A Day on the Wharfe by Tim Walton – courtesy of Go Fly Fishing UK

Fly Fishing on the River Wharfe

Fly Fishing on the River Wharfe

I was delighted to be fortunate enough to win the Fish and Fly competition, the prize was a guided day on the River Wharfe with Steve Rhodes from http://www.goflyfishinguk.com/ with accommodation at the Red Lion Inn at Burnsall http://www.redlion.co.uk/.

I got in touch with both and we agreed dates. As someone fairly new to fly fishing I was looking forward to getting some coaching on methods and also fishing a North Country river, most of my fishing is on small limestone streams in Derbyshire.

As I drove north successive heavy showers swept across the MI and M62 I was nervous that river levels would be very high and that it would be a windy cold wet day, this year has not been great for weather. It was already dark when I arrived in Burnsall but the Red Lion looked great and the pint of Theakstons was even better. The hotel is a fine stone building immediately next to the river.

I usually wake up early so in the morning so I had a walk before breakfast. I was pleased to find that the morning was bright, all the rain had gone and the Wharfe, although levels were up a bit, only had a little colour tinged with peat but very fishable. I had a huge cooked breakfast, well you need it before a day in the river, and Steve arrived bang on 9.30 as arranged.

We had a quick five minute chat and then had a look at my gear. Steve correctly suggested that my light gear would not cope with the wind and he was spot on. He offered me an Orvis 9ft 5# which proved to be fine. Also he didn’t like my telescopic wading staff “it’ll let you down Tim” he said, after a few minutes wading I knew exactly what he meant. Also as I have yet to learn fly tying, I had some spiders that I had bought sometime, in comparison to Steve’s own flies mine were vastly overdressed, “let’s use mine” said Steve.

First off we went downstream from Burnsall to a long pool, it was early and rises were few and far between so we started with NZ style with a gold head fished under a Klink.

Steve also rigged a team of spiders on a second rod. I soon got some good tips here are some of the suggestions from Steve:

  • don’t use too much line
  • if it starts to drag cast again straight away
  • follow the creases and bubble lines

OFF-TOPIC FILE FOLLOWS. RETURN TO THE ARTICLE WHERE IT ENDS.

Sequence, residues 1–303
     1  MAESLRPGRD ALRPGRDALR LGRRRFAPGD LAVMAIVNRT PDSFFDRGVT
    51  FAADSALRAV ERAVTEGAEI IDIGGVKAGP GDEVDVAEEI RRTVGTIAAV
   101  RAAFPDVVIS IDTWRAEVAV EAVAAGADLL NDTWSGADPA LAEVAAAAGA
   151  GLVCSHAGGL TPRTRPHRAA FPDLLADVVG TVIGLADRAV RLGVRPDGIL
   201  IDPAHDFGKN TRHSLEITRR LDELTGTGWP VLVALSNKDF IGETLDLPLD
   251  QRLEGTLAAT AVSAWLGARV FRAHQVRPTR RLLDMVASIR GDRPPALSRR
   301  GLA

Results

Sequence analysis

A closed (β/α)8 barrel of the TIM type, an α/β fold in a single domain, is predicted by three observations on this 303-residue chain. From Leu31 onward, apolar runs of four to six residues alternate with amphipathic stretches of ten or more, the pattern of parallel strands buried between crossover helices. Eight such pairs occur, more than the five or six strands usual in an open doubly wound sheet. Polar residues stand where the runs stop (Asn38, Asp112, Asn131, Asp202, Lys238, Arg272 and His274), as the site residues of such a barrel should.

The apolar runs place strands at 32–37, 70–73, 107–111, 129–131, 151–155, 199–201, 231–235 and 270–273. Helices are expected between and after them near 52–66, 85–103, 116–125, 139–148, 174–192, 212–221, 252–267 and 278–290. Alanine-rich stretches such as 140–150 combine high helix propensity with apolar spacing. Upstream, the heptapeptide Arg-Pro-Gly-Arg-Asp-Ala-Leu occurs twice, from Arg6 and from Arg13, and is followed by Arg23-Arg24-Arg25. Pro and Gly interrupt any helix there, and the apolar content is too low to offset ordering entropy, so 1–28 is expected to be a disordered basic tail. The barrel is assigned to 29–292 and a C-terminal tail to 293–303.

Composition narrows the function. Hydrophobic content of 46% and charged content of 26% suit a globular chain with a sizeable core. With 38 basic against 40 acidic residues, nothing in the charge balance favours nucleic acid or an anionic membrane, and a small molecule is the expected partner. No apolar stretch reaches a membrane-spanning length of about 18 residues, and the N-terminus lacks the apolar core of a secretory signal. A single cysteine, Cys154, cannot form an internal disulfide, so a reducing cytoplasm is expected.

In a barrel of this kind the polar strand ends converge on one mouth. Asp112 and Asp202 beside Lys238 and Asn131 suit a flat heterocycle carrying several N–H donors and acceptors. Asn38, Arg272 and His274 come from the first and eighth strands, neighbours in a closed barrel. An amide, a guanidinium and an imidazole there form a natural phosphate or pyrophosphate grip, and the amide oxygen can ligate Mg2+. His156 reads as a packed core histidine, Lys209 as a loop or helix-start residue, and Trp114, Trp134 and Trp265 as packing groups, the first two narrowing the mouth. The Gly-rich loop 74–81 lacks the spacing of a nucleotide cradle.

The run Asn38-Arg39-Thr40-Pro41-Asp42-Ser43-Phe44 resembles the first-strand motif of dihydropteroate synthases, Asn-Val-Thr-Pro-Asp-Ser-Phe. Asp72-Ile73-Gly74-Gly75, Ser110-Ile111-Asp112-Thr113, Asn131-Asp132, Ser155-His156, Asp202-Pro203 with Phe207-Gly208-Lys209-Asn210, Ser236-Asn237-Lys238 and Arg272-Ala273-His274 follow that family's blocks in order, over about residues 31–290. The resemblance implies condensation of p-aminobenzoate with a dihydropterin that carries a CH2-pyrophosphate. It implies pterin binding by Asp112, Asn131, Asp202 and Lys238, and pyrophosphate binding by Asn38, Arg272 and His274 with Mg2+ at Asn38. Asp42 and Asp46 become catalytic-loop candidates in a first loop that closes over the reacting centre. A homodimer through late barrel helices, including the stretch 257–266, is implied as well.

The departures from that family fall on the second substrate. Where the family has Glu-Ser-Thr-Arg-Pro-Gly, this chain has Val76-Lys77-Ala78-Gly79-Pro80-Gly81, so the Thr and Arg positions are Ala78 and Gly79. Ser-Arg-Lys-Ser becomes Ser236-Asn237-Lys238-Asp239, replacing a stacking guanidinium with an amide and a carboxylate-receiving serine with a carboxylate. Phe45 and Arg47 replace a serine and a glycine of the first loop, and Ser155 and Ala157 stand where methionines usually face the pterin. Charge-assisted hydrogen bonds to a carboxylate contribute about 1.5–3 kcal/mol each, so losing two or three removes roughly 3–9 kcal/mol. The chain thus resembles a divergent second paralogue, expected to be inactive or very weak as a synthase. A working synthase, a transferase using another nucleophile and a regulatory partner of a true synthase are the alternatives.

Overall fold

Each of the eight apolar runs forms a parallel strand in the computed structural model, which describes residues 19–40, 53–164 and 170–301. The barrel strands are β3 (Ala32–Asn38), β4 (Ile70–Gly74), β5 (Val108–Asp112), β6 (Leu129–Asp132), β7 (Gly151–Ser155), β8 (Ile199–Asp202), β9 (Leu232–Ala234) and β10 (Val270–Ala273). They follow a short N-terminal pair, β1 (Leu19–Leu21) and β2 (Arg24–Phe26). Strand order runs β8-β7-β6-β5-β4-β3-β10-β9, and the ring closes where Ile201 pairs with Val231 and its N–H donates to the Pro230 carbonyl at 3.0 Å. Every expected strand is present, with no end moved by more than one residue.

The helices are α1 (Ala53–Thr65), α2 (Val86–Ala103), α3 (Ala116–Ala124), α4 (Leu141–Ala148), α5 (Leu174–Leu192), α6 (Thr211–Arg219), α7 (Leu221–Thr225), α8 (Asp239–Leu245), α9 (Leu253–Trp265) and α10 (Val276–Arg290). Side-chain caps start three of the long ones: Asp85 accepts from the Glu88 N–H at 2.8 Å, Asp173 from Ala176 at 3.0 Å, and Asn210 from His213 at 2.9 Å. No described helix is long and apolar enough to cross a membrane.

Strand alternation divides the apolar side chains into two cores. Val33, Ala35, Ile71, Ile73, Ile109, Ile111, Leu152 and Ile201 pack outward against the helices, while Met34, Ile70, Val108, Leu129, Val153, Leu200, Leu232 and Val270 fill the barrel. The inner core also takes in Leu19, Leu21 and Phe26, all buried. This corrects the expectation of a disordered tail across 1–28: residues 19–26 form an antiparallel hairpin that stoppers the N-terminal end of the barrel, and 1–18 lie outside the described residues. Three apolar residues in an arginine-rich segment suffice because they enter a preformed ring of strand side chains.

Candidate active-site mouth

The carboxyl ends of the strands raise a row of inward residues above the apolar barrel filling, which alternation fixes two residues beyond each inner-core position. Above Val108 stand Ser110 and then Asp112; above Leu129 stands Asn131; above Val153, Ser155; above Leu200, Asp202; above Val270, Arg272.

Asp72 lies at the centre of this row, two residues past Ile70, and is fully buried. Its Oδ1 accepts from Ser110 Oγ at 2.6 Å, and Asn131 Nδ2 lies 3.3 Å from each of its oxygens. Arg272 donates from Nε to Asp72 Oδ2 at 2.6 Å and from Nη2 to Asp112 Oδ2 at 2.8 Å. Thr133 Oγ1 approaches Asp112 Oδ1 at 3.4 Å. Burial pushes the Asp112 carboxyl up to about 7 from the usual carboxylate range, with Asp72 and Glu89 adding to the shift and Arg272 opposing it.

• upstream lift the rod keep line length constant
  • across both lift rod and lead the line
  • downstream lead the line
  • fish right into the edge
  • fish systematically covering the water, cast progressively in a fan
  • keep moving 3 or 4 casts in each spot then two paces up or downstream

I was getting great value from this, just what I needed, a crash course in nymph and wet fly. I reckon following Steve’s advice probably doubled the actual time that my fly was properly presented in the river. I learnt that once the fly is in/on the water fishing is about line control. Also we had a laugh about me remembering all this but Steve’s quietly effective style of coaching made things stick. I will be staying lift and lead to myself for the remainder of my fly fishing career. In fact I was replaying moments on the train to London a few days afterwards. I could never have got this advice from a book. We changed technique to a team of spiders fished across and down, this is a new technique for me and a subtle way of fishing. Although we had a cold NW wind by lunch time we had caught three trout all good sized and perfectly wild. Steve was especially pleased that two of these were taken on the spider.

After lunch we moved upstream from Burnsall. For the first hour we fished a team of spiders down and across with no return. A cold wind was blowing from the north west which must have changed things. Then at about three o’clock flies started to hatch, these were fairly small. We switched to dry fly and over the next hour or so caught one trout and brought two more fish to the fly. However despite the heavy hatch the rises were few and far between. We fished the rises but it was tough fishing with no way of telling why some many newly hatched flies escaped. Despite a couple of changes we managed no more fish. Then in the later afternoon some very sharp and cold showers came over, the sun disappeared and that was the end of the day.

So it was back to the Red Lion Steve and I had a beer together and I found out that Steve is Chairman of the Grayling Society so we had a good talk about the good work that they do. My club in Derbyshire is hosting a Society event later in the month if I can I will go and have a look.

So despite the tough conditions I had a great day, four fish, lots of learning, a beautiful river and good company, what more could you want? I had eliminated a couple of bad habits “you don’t need and indicator, Tim”, “always secure your line and flies when walking between pools” and “keep that elbow in”. I had never had a guided day before, I was a bit nervous but Steve’s patient approach soon put me at ease, he didn’t even curse me when I managed to break the tippet by snagging a barbed wire fence. I was cursing myself. I am considering a ‘refresher’ day in the future. I am very grateful to Fish and Fly, the Red Lion and especially Steve for a great day on the Wharfe.

PS Since fishing with Steve I have had a good afternoon’s grayling fishing on the Churnet (with no indicator Steve!) using a spider on dropper and a bead head on point. Five fish the largest about a pound.

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